As Europe seeks to move away from fossil fuels, Spain is rushing green hydrogen development, aided by a growing wind and solar complex as part of efforts to decarbonise its economy.
Spain accounted for 20% of green hydrogen projects worldwide in the first quarter, just behind the United States, which is home to more than half, according to consultancy Wood Mackenzie.
“A lot of countries are interested in green hydrogen, but in Spain the sector has accelerated rapidly” in recent months, said Rafael Cossent, associate research professor of energy economics at the Pontifical University Comillas. from Madrid.
The sector is still in its infancy, but the war in Ukraine has prompted the European Union to double its production target for 2030 as part of efforts to reduce its dependence on Russian energy supplies.
“Spain has become a very attractive country for green hydrogen,” EU chief Ursula von der Leyen said during a visit to the country in May. “A shift is happening…towards competitive hydrogen at scale.”
Green hydrogen is produced by passing an electric current through water to separate it into hydrogen and oxygen, a process called electrolysis. It is considered green because the electricity comes from renewable energy sources which create no harmful emissions.
And while fossil fuels emit harmful greenhouse gases when burned, hydrogen only emits harmless water vapour.
This technology is part of the EU’s efforts to become climate neutral by 2050.
– ‘Great potential’ –
Green hydrogen could replace coal in heavy industries such as steel mills. It can also be used to make fertilizer and is seen as a potential fuel for buses, trains and planes in the future.
A major drawback of green hydrogen, however, has been the high cost of producing it. It is much cheaper to manufacture “grey” hydrogen, but its production requires the use of fossil fuels which emit greenhouse gases.
But technological advances and soaring fossil fuel prices have made green hydrogen more competitive.
Spain has “great potential” as it has a well-developed renewable energy sector, with significant solar and wind resources, said Javier Brey, president of the Spanish Hydrogen Association (AeH2).
Cossent said Spain has another advantage in its extensive natural gas network and LNG terminals, which could be transformed to export hydrogen.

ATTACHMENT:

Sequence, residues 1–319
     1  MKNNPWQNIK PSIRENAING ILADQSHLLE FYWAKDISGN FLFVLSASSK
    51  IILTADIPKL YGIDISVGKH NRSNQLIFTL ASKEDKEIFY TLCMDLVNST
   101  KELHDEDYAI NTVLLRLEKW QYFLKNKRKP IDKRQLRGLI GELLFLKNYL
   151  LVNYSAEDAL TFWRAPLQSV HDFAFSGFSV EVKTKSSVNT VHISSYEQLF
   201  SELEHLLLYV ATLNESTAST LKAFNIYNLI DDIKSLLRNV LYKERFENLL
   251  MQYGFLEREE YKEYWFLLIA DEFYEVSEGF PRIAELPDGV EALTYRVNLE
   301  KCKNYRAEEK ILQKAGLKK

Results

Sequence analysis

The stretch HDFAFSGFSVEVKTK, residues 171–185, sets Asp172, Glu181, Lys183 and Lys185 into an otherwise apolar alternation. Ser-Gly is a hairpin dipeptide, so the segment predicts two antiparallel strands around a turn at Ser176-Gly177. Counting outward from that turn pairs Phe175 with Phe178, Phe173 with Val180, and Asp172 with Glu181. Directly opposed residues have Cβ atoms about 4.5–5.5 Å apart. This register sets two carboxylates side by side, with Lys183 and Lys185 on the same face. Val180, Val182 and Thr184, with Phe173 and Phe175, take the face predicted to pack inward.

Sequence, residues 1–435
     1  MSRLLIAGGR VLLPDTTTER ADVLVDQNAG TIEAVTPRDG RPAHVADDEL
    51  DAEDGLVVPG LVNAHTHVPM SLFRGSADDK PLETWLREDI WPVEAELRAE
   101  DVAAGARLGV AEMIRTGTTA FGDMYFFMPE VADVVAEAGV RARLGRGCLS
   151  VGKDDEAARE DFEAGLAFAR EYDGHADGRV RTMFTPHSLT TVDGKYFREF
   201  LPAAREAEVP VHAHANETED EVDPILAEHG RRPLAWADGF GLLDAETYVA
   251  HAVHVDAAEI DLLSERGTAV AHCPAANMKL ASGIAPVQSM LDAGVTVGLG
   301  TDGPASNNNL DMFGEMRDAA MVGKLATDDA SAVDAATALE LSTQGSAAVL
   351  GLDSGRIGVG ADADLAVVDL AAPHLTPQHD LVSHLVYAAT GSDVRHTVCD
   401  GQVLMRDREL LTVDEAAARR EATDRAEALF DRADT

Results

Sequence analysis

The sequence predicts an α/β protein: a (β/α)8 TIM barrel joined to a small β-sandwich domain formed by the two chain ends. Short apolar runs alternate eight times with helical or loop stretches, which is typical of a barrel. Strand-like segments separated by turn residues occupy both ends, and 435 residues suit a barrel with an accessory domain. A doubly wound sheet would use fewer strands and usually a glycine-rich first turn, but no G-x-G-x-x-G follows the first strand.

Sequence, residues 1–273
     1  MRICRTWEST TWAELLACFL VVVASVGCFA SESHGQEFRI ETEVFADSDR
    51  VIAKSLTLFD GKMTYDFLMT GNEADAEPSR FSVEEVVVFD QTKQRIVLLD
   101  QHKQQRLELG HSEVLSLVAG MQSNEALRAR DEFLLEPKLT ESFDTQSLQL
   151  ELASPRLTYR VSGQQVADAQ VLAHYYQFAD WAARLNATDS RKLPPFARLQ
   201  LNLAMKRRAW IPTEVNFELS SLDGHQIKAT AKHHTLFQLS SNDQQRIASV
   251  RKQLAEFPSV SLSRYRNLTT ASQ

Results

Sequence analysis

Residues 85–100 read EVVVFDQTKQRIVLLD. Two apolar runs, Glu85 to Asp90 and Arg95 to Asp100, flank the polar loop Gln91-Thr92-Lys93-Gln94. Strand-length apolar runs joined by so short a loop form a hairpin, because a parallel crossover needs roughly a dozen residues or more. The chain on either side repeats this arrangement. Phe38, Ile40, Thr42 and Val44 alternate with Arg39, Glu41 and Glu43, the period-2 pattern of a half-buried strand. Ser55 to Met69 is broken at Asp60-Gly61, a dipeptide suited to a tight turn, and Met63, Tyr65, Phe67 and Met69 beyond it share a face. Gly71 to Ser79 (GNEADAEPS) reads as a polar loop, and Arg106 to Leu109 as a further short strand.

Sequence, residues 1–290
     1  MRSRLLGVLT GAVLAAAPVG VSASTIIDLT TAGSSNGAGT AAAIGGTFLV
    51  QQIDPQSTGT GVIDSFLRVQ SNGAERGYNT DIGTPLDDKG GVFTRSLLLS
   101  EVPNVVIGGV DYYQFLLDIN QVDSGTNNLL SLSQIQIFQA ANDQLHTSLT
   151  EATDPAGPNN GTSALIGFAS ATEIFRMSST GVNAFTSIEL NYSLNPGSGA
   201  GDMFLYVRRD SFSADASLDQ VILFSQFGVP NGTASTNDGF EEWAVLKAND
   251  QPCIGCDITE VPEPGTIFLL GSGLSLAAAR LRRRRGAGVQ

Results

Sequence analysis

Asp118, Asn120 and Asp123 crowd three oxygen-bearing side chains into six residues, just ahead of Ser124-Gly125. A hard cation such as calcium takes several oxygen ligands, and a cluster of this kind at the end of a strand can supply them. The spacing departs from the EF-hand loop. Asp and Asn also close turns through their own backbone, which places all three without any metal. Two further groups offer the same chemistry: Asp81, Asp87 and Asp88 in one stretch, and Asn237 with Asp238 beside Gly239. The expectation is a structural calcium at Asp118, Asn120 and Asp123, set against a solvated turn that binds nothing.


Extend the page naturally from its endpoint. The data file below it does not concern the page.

The government last year launched a 1.5 billion euro ($1.8 billion) plan to support green hydrogen projects over the next three years, drawing on a Covid stimulus fund of the European Union to do so.
Adding private investment, nearly nine billion euros will be spent by 2030.
– Future energy hub? –
Spanish energy companies like Iberdrola, Repsol and Enagas have all launched green hydrogen projects.
Enagas has teamed up with global steel giant ArcelorMittal and fertilizer maker Fertiberia for a huge project dubbed HyDeal Espana in the northern region of Asturias.
The site will have about fifteen solar parks which could produce 330,000 tonnes of hydrogen per year by 2030, making it the largest project of this type in the world, according to the International Renewable Energy Agency.
“It shows that the industry has matured,” AeH2’s Brey said. “2030 may seem far away, but in reality it’s tomorrow.”
Spain “has all the cards in hand to become an energy hub”, he added.
But the country still has a few hurdles to clear before it can become a leader in the booming industry.
“To win, Spain will have to accelerate the deployment of solar and wind farms, because electrolysis consumes a lot of electricity,” Cossent said, adding that the projects were stuck in “administrative bottlenecks”.
Spain also lacks energy connectivity with the rest of Europe, but the government has relaunched a gas pipeline project linking Catalonia and France, which Madrid wants to use to ship hydrogen.